In Canada, MasterCard and other electronic payment providers facilitate over half a trillion dollars of commerce flawlessly each year. They operate in a highly competitive environment that offers a host of payment alternatives to merchants and consumers.

We believe Canada's current regulatory framework safeguards the interests of all participants and that direct regulatory price controls will suppress innovation, reduce competition, and harm consumers.

MasterCard believes that government promotion of market forces over monopoly in Canada's debit system will ensure that consumers and merchants benefit from choice, price competition, innovation, and international reach.

Finally, we believe that Canada's credit card systems are well balanced and managed to maximize their value to merchants, cardholders, and the Canadian economy as a whole. However, there is always room for improvement. Through this process we have identified specific market responses that would address merchant concerns without harming consumers.

Retail lobbyists are advocating for price controls that have hurt consumers elsewhere. MasterCard believes that it is time for consumers to understand the harm that has happened in Australia when that country introduced the kind of price controls now being advocated by the global retail lobby represented in Canada by the Retail Council.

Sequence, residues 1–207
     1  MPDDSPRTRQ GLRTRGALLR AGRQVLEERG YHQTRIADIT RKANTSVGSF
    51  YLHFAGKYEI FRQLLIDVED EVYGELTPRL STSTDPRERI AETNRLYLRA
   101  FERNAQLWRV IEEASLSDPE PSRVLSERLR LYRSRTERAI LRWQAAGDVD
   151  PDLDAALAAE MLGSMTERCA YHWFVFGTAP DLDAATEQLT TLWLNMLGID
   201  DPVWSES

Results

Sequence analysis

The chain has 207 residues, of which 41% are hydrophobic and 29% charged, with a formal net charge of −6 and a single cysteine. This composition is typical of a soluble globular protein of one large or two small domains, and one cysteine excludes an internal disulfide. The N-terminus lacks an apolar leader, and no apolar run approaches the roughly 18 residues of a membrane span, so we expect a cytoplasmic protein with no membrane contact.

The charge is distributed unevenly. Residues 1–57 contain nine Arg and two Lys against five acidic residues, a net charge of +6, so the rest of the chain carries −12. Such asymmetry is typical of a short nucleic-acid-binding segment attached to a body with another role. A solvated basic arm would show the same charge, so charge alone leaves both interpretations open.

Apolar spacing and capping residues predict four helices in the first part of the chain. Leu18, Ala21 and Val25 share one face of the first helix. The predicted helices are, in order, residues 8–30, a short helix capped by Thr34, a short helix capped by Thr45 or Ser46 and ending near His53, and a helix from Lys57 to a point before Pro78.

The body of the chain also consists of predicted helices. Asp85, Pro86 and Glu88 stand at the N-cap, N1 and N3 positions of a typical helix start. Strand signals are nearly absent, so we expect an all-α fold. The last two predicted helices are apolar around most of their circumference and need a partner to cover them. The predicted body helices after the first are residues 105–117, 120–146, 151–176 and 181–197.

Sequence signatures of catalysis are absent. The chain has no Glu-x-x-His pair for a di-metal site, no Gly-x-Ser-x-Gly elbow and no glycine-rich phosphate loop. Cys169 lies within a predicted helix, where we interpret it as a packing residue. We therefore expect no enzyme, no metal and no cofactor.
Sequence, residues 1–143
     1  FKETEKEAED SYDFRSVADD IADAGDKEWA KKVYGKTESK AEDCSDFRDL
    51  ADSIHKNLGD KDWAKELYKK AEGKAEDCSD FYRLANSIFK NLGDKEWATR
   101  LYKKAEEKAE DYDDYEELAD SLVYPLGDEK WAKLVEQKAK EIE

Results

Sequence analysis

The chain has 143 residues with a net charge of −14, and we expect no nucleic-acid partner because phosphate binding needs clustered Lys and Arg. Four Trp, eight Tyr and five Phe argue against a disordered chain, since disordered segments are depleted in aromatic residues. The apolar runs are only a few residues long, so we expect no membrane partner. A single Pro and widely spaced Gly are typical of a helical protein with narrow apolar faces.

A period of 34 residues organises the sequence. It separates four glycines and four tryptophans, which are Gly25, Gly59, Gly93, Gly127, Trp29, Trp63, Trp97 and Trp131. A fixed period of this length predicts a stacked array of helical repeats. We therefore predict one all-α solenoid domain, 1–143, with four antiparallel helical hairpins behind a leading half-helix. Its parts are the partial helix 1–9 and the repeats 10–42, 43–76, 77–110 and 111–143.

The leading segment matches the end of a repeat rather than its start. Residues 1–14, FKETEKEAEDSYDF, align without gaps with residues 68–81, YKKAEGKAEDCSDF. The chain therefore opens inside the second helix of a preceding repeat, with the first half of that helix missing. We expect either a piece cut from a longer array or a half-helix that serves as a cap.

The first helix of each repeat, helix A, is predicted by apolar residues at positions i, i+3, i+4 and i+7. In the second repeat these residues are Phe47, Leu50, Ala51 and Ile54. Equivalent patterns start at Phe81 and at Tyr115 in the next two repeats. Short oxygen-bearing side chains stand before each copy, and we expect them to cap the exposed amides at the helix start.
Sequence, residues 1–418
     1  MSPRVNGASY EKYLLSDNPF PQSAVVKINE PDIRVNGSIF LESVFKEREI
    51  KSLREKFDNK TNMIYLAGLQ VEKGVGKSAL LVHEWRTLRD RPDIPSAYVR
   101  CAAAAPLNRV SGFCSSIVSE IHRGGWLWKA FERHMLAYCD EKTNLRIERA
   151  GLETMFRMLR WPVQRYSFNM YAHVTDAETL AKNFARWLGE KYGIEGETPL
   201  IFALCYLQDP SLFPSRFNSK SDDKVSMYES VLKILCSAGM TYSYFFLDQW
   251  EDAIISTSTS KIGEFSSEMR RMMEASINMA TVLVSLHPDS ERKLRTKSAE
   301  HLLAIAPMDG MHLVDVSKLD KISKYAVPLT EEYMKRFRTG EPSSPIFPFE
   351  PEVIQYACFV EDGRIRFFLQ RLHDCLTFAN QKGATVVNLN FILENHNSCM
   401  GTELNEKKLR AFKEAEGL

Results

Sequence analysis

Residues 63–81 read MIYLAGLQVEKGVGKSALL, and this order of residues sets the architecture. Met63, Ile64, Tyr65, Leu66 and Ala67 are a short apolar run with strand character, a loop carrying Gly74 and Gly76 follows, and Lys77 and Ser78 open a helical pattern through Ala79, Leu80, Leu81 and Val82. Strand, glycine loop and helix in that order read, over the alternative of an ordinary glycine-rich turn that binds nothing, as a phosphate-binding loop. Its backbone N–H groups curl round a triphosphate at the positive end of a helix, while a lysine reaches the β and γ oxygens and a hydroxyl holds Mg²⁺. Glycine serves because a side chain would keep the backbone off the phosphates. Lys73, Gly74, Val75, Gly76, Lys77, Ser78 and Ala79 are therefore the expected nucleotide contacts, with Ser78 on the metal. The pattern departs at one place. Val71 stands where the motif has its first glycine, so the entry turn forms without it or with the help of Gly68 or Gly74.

When the Reserve Bank of Australia adopted price controls in 2003, it expected that the savings would be passed on to consumers in the form of lower prices. But nearly six years later, there is no evidence that prices came down.

Price controls did reduce interchange revenues to credit card issuers, but that, in turn, forced reductions in credit card features and benefits. Interest rates, which had been subsidized by interchange revenue streams before the RBA price controls, had to be increased for issuers to operate their credit card portfolios within prudent banking guidelines. For similar reasons, grace periods had to be shortened.